Killing Creativity – Business #8


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Hiring and promotions in business works like this all the time.  It might be political considerations in a University President’s office. It might be a stylistic or theoretical dislike on the part of one of the senior executives at the firm. The reasons can be valid and real, but they can also lead to a compromise candidate that isn’t as well qualified as the ‘best’ candidate.


It happens all the time in art too. How? By the artist deciding they must bow to pressure from a gallery director, or a studio head, or the media marketplace.  They want to create one thing but they are told it won’t sell so they compromise and create a Frankenstein instead. Part their vision but part other people’s visions as well.  The result might sell but is probably not nearly as unique or authentic a creation as would have been created if the artist were left alone to create what they wish.

Is this a bad thing? not always. But it is something that often diminishes originality to the point that you end up with something bland and uninteresting. And that’s a shame in my book.

Drawing and commentary © 2016 Marty Coleman |

Quote is adapted from one by Charles Kettering


Your Way – Business #7



It’s constantly a struggle for many people to let go of not only the desire to be right, but the desire to be acknowledged as the originator of an idea.  I just finished reading a book called ‘The Innovators’, about the history of the development of the computer and all that has come from it.  


One of the most amazing aspects of this history is how many big companies dismissed and derided new ideas coming down the pike from their own developers and engineers.  So much so that the smart people at the large corporations figured out they needed to isolate their innovators away from the corporate bureaucracy, even to the point of setting them up on the opposite coast. 

And even then most of these large companies did not exploit what was discovered and invented right in their own labs.  Why? Because they believed that their version of the future was correct, and it didn’t include outlandish ideas like transistor radios or personal computers. 

Mindset Matters

This quote is by Akio Morita, the founder of Sony Electronics.  As a result of his mindset, Sony has had an amazing run at the forefront of electronic product development. Their record isn’t perfect, they missed out on some things, but overall they have been able to grab hold of new ideas and run with them.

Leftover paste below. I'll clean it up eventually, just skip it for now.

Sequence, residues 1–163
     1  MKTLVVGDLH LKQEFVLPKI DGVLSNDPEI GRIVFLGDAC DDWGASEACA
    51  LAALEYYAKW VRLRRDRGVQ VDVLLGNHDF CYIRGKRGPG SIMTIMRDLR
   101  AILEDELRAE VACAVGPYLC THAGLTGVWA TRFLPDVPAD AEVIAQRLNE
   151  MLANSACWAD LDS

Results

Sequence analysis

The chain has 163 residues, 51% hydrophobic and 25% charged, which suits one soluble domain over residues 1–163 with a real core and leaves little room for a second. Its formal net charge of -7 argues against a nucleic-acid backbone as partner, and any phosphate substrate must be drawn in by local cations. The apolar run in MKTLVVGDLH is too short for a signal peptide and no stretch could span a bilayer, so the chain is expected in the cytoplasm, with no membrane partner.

For me the application of the idea behind this quote, whether in business, science, religion, or life, is simple.  Let my ego and greed diminish and let my open mindedness and love of others increase.

Drawing and commentary © 2016 Marty Coleman |

Quote by Akio Morita, 1921 – 1990, Founder and Chairman of Sony



Discovery – Business #6


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I just finished reading a book called ‘The Innovators’ by Walter Isaacson. I highly recommend it. It’s the history of the computer and digital revolution.  It’s an amazing story of people trying something that people before them said couldn’t be done. It’s the story of people fiddling around in their garages and workbenches; experimenting, failing, experimenting again and again, sometimes not even really knowing specifically what it is they are reaching for. They knew it had never existed before and that is exciting.  It’s the story of collaboration, trusting others on a team to be both rigorous in their work and open minded in their willingness to attempt things that have never been attempted.  It’s the story of people respecting and understanding ideas and inventions already in existence but not being limited by those same ideas and inventions.

This Is How It’s Done

One of the hardest things for a person who has been at the same company a long time to do is let the new people make their own discoveries about what works and doesn’t work in the business.  This is also true of parents with kids and of coaches with athletes. In these cases we think we can see the best way to do something, whether it’s how to close a sale, cook a roast or do an exercise. We know because we have done it so many times, right? It’s good to have training in place so new workers can know how something is done properly. It’s good to have your child in the kitchen with you so you can show them how to prepare the roast properly.  It’s good to show the athlete how to lift the weights properly.  

This Is the New Way It’s Done